After spending a few months in Argentina, Skarmeta received a scholarship in 1974 from the DAAD, the German Academic Exchange Service, to go to Berlin. His family followed him there. "I left the country willingly," Skarmeta explained. "I was not tortured; I only lost my job. That's not much compared to what happened to other people."
A writer without his language?
Skarmeta could barely speak German when he came to Berlin. Both of his sons, ages seven and five when they arrived in Europe, picked up the language very quickly. "My older son would translate for me during conversations with others," Skarmeta recalled. "If someone was speaking really quickly on the telephone, I would hand over the phone to him and he would answer for me."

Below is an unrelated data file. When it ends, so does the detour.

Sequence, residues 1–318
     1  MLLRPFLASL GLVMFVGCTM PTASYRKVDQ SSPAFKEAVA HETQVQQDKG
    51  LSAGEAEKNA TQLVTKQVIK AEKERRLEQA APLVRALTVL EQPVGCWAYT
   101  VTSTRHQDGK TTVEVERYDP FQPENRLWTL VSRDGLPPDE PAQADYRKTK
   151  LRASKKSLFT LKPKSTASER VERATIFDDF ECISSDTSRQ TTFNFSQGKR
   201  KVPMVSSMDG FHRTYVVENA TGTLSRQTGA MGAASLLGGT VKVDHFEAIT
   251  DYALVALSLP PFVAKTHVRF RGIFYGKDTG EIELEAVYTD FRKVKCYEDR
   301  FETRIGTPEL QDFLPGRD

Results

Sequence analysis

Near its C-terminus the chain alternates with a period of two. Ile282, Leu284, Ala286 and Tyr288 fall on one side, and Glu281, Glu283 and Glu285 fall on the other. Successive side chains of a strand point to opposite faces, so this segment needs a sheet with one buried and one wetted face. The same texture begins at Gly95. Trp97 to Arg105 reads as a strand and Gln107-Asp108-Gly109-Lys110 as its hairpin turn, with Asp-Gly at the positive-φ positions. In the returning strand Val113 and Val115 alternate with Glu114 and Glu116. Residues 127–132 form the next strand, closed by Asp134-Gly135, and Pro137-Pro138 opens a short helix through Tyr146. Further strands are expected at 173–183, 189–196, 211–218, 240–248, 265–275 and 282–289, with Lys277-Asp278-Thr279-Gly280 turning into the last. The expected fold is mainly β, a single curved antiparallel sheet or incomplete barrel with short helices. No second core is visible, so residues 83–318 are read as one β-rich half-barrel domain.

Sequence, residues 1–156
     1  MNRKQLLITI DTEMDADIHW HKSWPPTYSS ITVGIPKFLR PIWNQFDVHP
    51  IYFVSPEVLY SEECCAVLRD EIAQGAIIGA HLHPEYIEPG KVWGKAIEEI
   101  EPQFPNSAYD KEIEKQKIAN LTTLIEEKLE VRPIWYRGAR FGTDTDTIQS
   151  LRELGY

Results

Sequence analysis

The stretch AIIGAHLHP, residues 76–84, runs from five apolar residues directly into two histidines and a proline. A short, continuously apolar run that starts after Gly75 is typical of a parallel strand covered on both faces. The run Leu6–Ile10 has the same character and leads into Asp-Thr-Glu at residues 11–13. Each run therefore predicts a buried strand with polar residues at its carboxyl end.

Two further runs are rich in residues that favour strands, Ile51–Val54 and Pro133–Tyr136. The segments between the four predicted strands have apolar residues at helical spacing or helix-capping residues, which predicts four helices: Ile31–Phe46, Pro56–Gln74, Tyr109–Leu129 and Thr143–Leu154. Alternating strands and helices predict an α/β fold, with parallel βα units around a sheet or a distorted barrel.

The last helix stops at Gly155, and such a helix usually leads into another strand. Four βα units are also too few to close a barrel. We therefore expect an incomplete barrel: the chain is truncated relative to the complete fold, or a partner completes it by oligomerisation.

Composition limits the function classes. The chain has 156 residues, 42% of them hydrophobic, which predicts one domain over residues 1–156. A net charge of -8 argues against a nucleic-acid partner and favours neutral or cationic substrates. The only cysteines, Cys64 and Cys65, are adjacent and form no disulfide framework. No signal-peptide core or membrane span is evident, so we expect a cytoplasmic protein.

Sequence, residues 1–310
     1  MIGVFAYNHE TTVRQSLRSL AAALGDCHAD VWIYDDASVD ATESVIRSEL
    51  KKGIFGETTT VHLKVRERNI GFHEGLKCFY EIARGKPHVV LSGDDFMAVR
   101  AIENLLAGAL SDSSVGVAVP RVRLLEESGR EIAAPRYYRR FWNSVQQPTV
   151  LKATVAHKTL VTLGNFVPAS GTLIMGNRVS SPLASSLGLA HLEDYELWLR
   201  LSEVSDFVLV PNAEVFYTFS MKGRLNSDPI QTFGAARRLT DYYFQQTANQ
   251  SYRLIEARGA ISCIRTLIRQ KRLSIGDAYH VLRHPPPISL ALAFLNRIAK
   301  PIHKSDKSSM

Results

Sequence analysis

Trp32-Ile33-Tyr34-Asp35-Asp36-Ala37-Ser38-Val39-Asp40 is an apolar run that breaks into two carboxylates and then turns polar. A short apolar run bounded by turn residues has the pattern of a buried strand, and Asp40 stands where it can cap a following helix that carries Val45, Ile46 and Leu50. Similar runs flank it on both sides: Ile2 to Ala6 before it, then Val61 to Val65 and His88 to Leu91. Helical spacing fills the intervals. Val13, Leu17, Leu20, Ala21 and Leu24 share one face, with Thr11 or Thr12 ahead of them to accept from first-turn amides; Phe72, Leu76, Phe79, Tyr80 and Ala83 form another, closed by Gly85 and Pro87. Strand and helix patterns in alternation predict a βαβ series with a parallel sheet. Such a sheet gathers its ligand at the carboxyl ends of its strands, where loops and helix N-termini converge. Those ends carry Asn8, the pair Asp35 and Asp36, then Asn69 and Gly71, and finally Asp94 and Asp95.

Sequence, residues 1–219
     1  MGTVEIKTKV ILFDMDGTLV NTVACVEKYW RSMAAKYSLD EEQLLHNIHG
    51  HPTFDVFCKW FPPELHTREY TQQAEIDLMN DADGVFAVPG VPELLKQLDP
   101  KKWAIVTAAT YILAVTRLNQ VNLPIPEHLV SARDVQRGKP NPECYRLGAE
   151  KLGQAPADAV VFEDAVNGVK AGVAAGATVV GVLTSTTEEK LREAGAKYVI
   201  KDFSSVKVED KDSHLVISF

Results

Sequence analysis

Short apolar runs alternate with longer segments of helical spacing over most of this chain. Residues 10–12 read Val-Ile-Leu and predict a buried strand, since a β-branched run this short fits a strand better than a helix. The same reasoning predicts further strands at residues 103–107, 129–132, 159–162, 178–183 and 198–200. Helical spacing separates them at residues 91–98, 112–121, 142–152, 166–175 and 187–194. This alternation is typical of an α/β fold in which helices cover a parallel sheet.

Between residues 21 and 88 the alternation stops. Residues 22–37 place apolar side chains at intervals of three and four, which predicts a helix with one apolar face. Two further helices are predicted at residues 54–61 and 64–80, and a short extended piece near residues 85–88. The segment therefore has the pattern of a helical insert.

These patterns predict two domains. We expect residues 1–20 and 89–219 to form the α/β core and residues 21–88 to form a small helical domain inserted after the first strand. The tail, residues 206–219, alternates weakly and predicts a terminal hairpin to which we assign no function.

But Skarmeta was a writer. In exile, he lost his language and his readers. "I realized that it no longer made sense to communicate like I did with my Chilean readers — with all of the references to Chilean soccer players and film stars, or comments about streets and districts in Chilean cities. In other words, the things I had in common with Chileans."
People in exile — Skarmeta's subject
His novel "No pasó nada" (Nothing Happened) was published in 1978. In it, Skarmeta relates the story of a Chilean boy who has escaped into exile in Berlin with his family. Exile thus became one of Skarmeta's main subjects.